Sometimes everything you say or do feels lackluster. Over the years I’ve discovered that when you are in this frame of mind doing something creative, even if it has nothing to do with writing, can be just the spark you need to rekindle your prose.
One dreary Wednesday found me in an Ithaca storefront clutching a Rene Magritte print that I bought at Museum of Modern Art at least fifteen years ago. It has been sitting in one of those cardboard tubes silently reproaching me every time I pass it. The reason I bought it in the first place is that it was both unusual and quirky and instantly appealed to me. So why did I refuse to frame it? For lots of reasons. It would be expensive. I wasn’t artistic so the end result was sure to look amateur. Where would I hang it?
Julia Cameron would say that it’s because I was being stingy with myself, denying myself something that would inspire me and make me feel good whenever I walked past it. She would be right. I had some extra cash, an empty wall space in the room where I read that needed filling, and whoever was in the store could help me decide how to present it. The only problem was that the first question Sam asked me was “What are you looking for?” I gazed around the room and saw hundreds of frame samples, all different colors, textures, and widths. Instead of panicking, I took a deep breath, emptied my mind and thought about my picture. One of the reasons that I was drawn to it in the first place is that it shows a neighborhood in shadowy darkness, yet there is lightness too, in the windows, the soft glow of a street lamp, and the sky above is a brilliant blue with fluffy white clouds. To me it represents both the joy and melancholy in all of our lives. That’s what I wanted to think about whenever I looked at it. The colors I chose for the matting and frame should reflect that. Cautiously I began to experiment with different shades of light and dark. After a few failed attempts, I stopped feeling discouraged and began to see my framing project as a challenge. I finally understood that this was something I knew how to approach simply because I was a writer.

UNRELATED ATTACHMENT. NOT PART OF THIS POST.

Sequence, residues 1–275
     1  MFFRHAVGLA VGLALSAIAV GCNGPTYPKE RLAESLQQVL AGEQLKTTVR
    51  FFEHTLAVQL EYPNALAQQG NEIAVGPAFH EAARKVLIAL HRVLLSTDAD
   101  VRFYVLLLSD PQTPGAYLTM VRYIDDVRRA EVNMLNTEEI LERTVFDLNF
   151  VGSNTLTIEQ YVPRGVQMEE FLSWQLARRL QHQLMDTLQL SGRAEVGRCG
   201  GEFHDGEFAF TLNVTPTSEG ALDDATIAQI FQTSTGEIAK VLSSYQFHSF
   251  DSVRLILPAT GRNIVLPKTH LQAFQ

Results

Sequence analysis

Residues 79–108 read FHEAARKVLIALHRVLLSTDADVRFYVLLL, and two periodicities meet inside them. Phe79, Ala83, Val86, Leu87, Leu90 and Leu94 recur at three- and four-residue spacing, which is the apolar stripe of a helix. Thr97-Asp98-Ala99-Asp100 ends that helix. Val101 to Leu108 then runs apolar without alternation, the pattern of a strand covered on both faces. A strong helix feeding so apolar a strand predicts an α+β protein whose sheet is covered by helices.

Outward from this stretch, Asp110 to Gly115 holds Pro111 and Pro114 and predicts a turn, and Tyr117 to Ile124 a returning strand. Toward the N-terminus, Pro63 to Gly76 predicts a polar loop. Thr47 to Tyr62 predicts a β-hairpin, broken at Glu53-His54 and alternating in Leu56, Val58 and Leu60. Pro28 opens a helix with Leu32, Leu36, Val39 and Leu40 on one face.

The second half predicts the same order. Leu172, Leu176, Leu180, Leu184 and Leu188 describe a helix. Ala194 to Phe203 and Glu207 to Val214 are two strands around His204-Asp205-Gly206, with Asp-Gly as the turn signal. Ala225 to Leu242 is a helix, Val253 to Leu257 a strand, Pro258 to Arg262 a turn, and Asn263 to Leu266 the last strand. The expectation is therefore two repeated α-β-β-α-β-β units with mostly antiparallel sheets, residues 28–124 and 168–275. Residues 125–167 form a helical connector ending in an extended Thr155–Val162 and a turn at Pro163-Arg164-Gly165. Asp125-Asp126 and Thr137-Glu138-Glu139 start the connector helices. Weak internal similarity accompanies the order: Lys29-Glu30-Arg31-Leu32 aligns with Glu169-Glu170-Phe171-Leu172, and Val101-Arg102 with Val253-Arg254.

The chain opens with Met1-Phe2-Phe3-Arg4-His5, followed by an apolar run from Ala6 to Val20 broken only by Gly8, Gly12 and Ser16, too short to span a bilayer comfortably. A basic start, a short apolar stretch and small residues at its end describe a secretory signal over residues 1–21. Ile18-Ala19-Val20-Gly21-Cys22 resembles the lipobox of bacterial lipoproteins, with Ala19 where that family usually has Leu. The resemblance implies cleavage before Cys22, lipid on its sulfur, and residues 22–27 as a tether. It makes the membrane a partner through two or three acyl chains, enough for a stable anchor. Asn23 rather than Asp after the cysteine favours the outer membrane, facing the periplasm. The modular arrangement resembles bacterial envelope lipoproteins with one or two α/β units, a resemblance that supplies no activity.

When I decide to write an article I begin with the tiny grain of an idea, something that makes me want to delve deeper, to learn more about it. Then I try to find a way to say it, to unearth a universal thread that will bind me and the person who is reading it. I felt the same way about the Magritte. I didn’t want to look at it and think “Oh-that’s a nice picture” and walk away. My goal was to create something that was greater than the sum of its parts. Sam and I spent a happy hour talking about what we thought the painting was trying to communicate to us and why each combination we tried did or didn’t work. As we experimented with different combinations, my confidence grew and I became bolder and more and more aware of what my piece of art meant to me. Finally, the two of us were satisfied that we’d done a fantastic job and I went home poorer, but with a spring in my step. A few weeks later, I returned to the shop and gazed at the large package wrapped in brown paper. What if it wasn’t what I had hoped for? Would it disappoint me? I closed my eyes while Sam took the brown paper off. When I opened them, I gazed with awe at something I had managed to create that will give me pleasure (and confidence in my own abilities) for the rest of my life. And that is priceless!
I guess what I’m trying to say in a roundabout way is that, as a writer, you will frequently get discouraged and overwhelmed. There will be times when you don’t know where to begin or where you will end up. That’s okay, as long as you never give up. You have the inner capacity to make something beautiful and meaningful out of disparate pieces. All you need is faith in yourself!